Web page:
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-   -   3D printer recommendations (http://www.oldrocketforum.com/showthread.php?t=17948)

ratchetman 06-03-2019 08:16 PM

3D printer recommendations
 
Good day everyone! What machines, features/benefits, materials and budgets are recommendations? This printer stuff is all very new to my and I thank you all in advance.

Ken

Jerry Irvine 06-03-2019 09:11 PM

Genesis:

http://forums.rocketshoppe.com/show...?t=17937&page=2

scott_mills 06-04-2019 02:43 AM

Ender 3, great entry level pricing and feature levels. Around $200 for a nice start.

aeppel_cpm 06-04-2019 08:24 AM

I have an Ender 5. A little more expensive than the Ender 3 with a slightly bigger print volume. I really like the full cubic frame - it's really solid.

teflonrocketry1 06-04-2019 08:49 AM

I have two Ender 2 printers, I purchased for $175.00 each, from 3Dprintersonlinestore.com These were kits that I assembled and aligned in about 2 hours. I built enclosures for both of them with 3/4 styrofoam sheeting for about $8.00. I have printed 1000s of model rocket parts with them and have even modified one for less than $20 to have a longer z-axis (400mm). As per Chris Taylor of Todays 3D print channel (T3DP) on YouTube the Ender 3 is a much better printer kit and the newer Ender 5 is slightly better than the Ender 3. You can purchase the Ender 3s for around $200 and the Ender 5s for just over $300.

ratchetman 06-04-2019 09:30 AM

Quote:
Originally Posted by teflonrocketry1
I have two Ender 2 printers, I purchased for $175.00 each, from 3Dprintersonlinestore.com These were kits that I assembled and aligned in about 2 hours. I built enclosures for both of them with 3/4 styrofoam sheeting for about $8.00. I have printed 1000s of model rocket parts with them and have even modified one for less than $20 to have a longer z-axis (400mm). As per Chris Taylor of Todays 3D print channel (T3DP) on YouTube the Ender 3 is a much better printer kit and the newer Ender 5 is slightly better than the Ender 3. You can purchase the Ender 3s for around $200 and the Ender 5s for just over $300.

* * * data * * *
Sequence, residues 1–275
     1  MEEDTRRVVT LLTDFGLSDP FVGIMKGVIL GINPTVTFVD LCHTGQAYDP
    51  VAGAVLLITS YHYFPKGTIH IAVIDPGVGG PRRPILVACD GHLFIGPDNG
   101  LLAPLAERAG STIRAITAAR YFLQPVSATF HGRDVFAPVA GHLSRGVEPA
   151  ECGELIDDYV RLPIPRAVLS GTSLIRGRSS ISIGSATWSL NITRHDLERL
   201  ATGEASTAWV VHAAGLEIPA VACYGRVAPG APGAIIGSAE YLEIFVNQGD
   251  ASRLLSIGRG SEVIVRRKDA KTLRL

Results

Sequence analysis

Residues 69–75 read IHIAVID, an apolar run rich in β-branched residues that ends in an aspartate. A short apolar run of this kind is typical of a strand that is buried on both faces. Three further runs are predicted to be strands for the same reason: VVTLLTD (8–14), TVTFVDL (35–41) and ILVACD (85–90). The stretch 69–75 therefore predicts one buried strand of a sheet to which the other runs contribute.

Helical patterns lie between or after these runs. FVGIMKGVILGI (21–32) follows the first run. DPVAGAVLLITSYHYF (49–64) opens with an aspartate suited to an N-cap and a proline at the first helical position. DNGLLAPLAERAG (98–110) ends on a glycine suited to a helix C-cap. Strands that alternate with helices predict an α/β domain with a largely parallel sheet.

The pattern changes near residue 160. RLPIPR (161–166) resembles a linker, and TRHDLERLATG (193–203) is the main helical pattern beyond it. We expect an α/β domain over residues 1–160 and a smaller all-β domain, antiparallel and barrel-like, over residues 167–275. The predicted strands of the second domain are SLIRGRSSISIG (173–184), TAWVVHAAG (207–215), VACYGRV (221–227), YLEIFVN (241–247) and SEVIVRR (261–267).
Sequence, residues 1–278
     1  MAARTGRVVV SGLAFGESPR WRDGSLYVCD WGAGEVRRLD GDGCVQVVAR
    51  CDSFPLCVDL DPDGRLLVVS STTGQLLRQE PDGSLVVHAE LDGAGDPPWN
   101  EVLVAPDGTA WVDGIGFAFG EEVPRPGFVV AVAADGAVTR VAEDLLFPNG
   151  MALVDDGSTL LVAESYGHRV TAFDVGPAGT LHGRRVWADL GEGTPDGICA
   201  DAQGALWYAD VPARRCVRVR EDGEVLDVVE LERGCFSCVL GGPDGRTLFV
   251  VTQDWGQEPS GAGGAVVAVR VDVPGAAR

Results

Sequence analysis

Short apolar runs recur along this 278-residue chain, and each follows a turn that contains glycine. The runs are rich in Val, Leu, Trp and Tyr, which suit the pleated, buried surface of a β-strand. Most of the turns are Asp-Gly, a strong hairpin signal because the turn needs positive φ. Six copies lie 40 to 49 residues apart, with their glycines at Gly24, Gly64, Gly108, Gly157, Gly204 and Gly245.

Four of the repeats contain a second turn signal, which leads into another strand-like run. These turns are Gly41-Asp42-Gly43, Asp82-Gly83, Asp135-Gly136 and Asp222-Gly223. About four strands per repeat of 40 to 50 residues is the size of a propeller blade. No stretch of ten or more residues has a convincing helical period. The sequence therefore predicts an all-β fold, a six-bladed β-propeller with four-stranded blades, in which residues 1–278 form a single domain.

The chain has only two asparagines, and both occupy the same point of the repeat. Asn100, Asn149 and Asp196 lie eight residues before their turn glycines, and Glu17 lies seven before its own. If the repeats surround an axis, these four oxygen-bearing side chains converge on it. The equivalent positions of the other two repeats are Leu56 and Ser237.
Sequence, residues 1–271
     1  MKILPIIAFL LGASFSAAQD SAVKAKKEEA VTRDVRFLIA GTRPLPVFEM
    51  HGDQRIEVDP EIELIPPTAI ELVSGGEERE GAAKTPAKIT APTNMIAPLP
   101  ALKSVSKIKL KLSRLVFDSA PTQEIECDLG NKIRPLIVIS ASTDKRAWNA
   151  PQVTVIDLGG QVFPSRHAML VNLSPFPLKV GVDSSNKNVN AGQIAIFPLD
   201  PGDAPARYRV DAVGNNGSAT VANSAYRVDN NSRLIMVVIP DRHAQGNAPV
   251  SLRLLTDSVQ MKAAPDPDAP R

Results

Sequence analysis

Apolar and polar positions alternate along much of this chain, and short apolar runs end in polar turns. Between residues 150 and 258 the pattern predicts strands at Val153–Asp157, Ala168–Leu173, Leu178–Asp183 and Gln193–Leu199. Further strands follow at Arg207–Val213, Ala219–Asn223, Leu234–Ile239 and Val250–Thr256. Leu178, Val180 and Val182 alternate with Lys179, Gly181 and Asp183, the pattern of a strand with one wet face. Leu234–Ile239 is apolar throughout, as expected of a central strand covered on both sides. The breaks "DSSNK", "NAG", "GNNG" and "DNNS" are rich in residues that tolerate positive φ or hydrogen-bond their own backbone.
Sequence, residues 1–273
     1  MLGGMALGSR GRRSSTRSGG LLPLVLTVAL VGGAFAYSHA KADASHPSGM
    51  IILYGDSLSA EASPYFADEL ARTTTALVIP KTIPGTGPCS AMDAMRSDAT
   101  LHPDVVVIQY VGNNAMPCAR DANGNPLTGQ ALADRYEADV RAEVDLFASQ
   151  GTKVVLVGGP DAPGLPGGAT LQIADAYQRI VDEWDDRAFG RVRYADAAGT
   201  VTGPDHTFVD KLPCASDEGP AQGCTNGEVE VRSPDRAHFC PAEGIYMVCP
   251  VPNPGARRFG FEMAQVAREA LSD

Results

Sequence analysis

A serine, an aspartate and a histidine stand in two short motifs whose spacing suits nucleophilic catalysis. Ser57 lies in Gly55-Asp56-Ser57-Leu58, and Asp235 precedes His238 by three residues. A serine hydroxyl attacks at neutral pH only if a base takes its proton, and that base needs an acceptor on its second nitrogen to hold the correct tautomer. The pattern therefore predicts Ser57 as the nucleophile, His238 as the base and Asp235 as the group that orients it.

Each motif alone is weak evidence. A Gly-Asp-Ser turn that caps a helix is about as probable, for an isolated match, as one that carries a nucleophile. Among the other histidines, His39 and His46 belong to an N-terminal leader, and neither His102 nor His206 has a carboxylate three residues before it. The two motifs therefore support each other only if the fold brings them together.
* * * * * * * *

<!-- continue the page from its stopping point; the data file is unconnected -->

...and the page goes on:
Those prices sound pretty reasonable. So, if a person were to chose an Ender 5 over an Ender 2, does that mean the result of a print would be a high definition or a better finish? Sorry, I'm not sure if I'm phrasing that properly...I had a stroke in January. I'm pretty much completely recovered, but sometimes my thoughts and speaks don't seem to come out, maybe that's just me.

What are the filament materials? I know what ABS is, but PLA??

Thanks again, Ken

aeppel_cpm 06-04-2019 09:55 AM

I think you can get as good a finish out of an earlier model Ender - but you might have to put more time into tuning and modifying it. The Ender 5 should be more resilient to certain vibrations out of the box (which show up as certain types of ripples in prints). I like the idea that it moves the print head in XY and the model only moves in Z. (Other Cartesian designs move the print head in XZ and the model in Y). But I acknowledge that print quality is multifaceted and there are multiple ways to good prints (and bad ones).

The XYZ resolution of the Ender line is the same across the models. (Shared stepper motors, electronics, and nozzles.)

PLA is Poly Lactic Acid. It's easy to print in that it is moderate temperature, doesn't require a heated bed (though it benefits from one) and isn't smelly when heated. It's strong, but a little brittle. It has a reputation for deforming in hot sun. It's prime-and-sandable, but not easy to smooth the print lines out chemically. It's 'compostable' - which is not the same as biodegradble, and I have a sneaking suspicion that it would compost better if ground up than left as parts.

The other currently popular filament among rocketeers is PETG. Prints at a slightly hotter temp than PLA, but only by 10-20C. Likes a heated bead, but not real hot - its rumored you can get away without. Not so much stronger than PLA, but more impact resistant and slightly flexible (but not as much as ABS). More hot-day-in-car resistant than PLA. No path to chemical finishing of a print. Tends to make threadlike hairs when printing certain shapes.

I'd strongly suggest getting a model with automatic print bed leveling. This uses a sensor that can read the bed, rather than a mechanical limit switch on the Z-axis. There are several aftermarket option available, but there are also resellers of the Ender 3 that add them for you. And update the firmware to use it. It's not hard to manually level (or square, or tram, or whatever the exact word is) a bed, but a sensor will save you a lot of fiddly manual dexterity knob tweaking.


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